Canadian defender Alistair Johnston already feeling at home with CF Montreal

Alistair Johnston is already feeling at home with CF Montreal.

The newly acquired Canadian international defender has friends on the MLS team, appreciates its “very beautiful” style of play and has been rewarded with a new contract in the trade that brought him north of the border this week.

And with Montreal willing to spend US$1 million in general allocation money to pry him away from Nashville SC — on top of that four-year improved deal — the 23-year-old from Aurora, Ont., knows he is with a team that wants him.

“It was definitely something that I looked at and went ‘Wow, this is a team that really values me.’ And I think that was something as a player you want feel valued,” Johnston said Thursday.

“The money’s as much about that as it is anything else. You want to be somewhere where you feel like you’re wanted. And I always felt wanted in Nashville. It just felt like Montreal was willing to move mountains — and move anything possible to come get me. And that was something that really stuck out for me and got me excited about this potential move.”

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Johnston, who made just $73,079 in his second MLS season in 2021, scored plenty of points in his first media availability since the trade with local reporters complimenting him for his French language skills.

Engaging and well-spoken in any language, Johnston credited time spent in French immersion as a child.

Born in Vancouver, Johnston was four when the family moved to Montreal and seven when it settled in Aurora. He noted he started playing organized soccer in Montreal with Lakeshore SC, saying his return made for a “full circle.”

While lamenting his French vocabulary, Johnston said he looks to improve it whenever he is in camp with Canada, asking teammates like Sam Piette, Maxime Crepeau and James Pantemis to speak only French to him.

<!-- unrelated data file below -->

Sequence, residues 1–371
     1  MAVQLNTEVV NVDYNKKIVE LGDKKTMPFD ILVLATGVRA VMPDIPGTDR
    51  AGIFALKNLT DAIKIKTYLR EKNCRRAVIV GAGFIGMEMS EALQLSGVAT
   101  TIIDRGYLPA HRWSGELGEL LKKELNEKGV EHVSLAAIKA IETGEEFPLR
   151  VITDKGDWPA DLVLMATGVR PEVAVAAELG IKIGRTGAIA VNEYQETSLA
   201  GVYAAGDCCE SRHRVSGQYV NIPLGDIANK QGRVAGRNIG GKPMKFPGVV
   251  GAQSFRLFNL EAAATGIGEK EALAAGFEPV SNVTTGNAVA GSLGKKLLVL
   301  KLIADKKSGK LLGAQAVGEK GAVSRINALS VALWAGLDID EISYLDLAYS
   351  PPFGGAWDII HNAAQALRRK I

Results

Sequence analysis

Johnston furthered endeared himself to the locals by noting that, while spending the bulk of his youth in the Toronto area, the Toronto FC academy considered him “too small.”

“To be honest I never was the biggest Toronto fan growing up, sI’ll have no problems going up against them,” he said cheerfully. “I love the rivalry. I think it’s great for the sport.”

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Johnston said rather than him being on the trading block, it was a case of Montreal being “very persuasive” with “multiple big offers.”

“It got to a point where Nashville couldn’t refuse,” he said.

Johnston grew up playing with fellow Montreal defender Kamal Miller through high school and during university breaks. He also counts Piette as a close friend.

`”I’m excited to get in there. I’m excited to have a bigger role,” said Johnston.

Click to play video: 'Professional soccer player heads back to school in Montreal to gift jersey to his former teachers'
Professional soccer player heads back to school in Montreal to gift jersey to his former teachers

The move to Montreal comes after a whirlwind year that saw Johnston make his senior debut with Canada in March and play in 18 of Canada’s 19 games.

Able to play at wingback, fullback or in the right side of a back three, Johnston joins a Montreal defence that tied for 10th in the league last season, averaging 1.29 goals against a game.

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The backline has changed with the club opting not to exercise contract options on Kiki Struna and Mustafa Kizza while veteran Rudy Camacho is out of contract at year’s end.

Johnston joins fellow Canadians Miller, Zachary Brault-Guillard, Zorhan Bassong and Joel Waterman in a Montreal defence that also features Italian youth international defender Gabriele Corbo, who joined earlier in December on loan from Bologna for the 2022 MLS season.

A product of Wake Forest, where he was converted to fullback from midfielder, Johnston was taken by Nashville in the first round (11th overall) in the 2020 MLS SuperDraft.

He played in 44 games for Nashville, recording 39 starts and 3,510 minutes of playing time in one of the stingiest backlines in the league. He also saw action in five playoff matches.

He was 16 when he made his debut in the Canadian youth program at an under-18 camp in 2015.

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